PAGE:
Joint 56th Annual North-Central/ 71st Annual Southeastern Section Meeting - 2022

Paper No. 25-5
Presentation Time: 9:05 AM


LAU, Catherine1, REMIREZ, Mariano1, ALGEO, Thomas J.2, CHERRY, Lucas B.3, KAUFMAN, Alan J.3 and GILLEAUDEAU, Geoffrey J.1, (1)Department of Atmospheric, Oceanic, and Earth Sciences, George Mason University, Fairfax, VA 22030, (2)Department of Geology, University of Cincinnati, Cincinnati, OH 45221, (3)Department of Geology and Earth System Science Interdisciplinary Center, University of Maryland, College Park, MD 20742

The first large pulse of the Late Devonian mass extinction occurred at the Frasnian-Famennian boundary (the Kellwasser Event; ~372 Ma) and is characterized by drastic changes in atmospheric and oceanic conditions, leading to a loss of approximately 70-82% of species on Earth. Despite broad consensus that a major paleoenvironmental event occurred across this interval, the exact nature of this perturbation remains unknown, in part because the event was complex and occurred at both local and global scales. Building a complete picture of the Kellwasser Event requires investigation of sedimentary facies and geochemical trends at local, regional, and global scales, and in this study, we examine the record of the Kellwasser extinction within the Illinois Basin, USA. Particularly, we aim to test whether there was a carbon cycle perturbation associated with Kellwasser Event in the Illinois Basin, and what its potential origin may be. Positive δ13C isotope excursions in both carbonate and organic matter are seen in many strata worldwide across the Late Devonian extinctions, potentially associated with an increase in organic matter burial in anoxic oceans. These excursions have only sparsely been identified in North American black shales, however, and identifying their presence or absence in individual basins may allow for insight into the global extent of carbon cycle perturbation across the extinction horizons. In this study, organic carbon isotopes from 40 samples of the Storey core drilled in the southwestern depocenter of the Illinois Basin will be examined. The core is housed at the Illinois Geological Survey and covers the Upper Devonian Selmier and Grassy Creek members of the New Albany Shale. The Kellwasser Event is contained within these strata, and in this study, we hypothesize that a major positive δ13C excursion will be preserved in organic matter across the Kellwasser interval. Ultimately, the goal of this study is to determine whether there was a perturbation to the carbon cycle in the Illinois Basin across the Kellwasser Event, with future study aimed at extending the organic carbon isotope record to other Upper Devonian black shales from North American epeiric seas.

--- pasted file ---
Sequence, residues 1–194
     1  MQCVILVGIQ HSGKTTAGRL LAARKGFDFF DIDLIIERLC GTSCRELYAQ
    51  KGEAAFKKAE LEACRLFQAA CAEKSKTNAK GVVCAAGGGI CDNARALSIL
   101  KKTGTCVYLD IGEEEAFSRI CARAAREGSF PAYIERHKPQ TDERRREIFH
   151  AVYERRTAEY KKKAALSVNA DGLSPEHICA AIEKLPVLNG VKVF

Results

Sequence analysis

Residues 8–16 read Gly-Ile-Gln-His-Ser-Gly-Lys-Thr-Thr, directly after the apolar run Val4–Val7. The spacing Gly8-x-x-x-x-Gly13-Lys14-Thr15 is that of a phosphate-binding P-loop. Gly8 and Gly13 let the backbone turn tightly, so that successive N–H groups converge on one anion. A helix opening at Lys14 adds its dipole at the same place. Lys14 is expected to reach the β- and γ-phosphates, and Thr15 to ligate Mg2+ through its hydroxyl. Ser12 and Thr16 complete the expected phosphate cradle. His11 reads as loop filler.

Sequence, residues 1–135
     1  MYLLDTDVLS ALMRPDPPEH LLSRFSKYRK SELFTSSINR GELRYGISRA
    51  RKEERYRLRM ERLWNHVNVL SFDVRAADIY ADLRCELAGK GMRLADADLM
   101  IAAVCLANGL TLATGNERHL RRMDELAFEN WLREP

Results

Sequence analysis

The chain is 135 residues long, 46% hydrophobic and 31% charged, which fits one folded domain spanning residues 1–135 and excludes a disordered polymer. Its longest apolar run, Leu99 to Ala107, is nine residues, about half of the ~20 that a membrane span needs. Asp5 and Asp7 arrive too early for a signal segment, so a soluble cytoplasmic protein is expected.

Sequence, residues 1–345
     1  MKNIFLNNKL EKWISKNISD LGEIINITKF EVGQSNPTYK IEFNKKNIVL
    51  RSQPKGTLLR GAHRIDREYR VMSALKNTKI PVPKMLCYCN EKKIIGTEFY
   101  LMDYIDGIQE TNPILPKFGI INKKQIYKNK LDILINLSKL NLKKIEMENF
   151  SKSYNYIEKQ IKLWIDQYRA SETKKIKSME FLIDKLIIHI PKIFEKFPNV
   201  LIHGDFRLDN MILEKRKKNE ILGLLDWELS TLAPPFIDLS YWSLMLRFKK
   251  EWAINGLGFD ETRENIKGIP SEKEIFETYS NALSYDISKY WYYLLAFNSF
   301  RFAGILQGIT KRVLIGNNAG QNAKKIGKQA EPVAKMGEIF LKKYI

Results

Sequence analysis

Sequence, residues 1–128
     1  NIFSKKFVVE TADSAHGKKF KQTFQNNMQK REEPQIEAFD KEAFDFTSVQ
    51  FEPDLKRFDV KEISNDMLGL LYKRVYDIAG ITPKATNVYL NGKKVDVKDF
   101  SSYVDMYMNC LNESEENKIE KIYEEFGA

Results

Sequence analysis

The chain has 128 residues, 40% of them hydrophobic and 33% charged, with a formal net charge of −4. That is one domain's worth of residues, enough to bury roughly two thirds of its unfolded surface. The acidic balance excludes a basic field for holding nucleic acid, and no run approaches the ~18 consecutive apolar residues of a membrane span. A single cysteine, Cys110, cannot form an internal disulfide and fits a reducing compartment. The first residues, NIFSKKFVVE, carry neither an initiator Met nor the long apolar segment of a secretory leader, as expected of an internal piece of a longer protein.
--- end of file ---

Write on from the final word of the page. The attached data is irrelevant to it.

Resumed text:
• FINAL_Carbon-cycle-perturbations-at-FF-boundary.pdf (3.7 MB)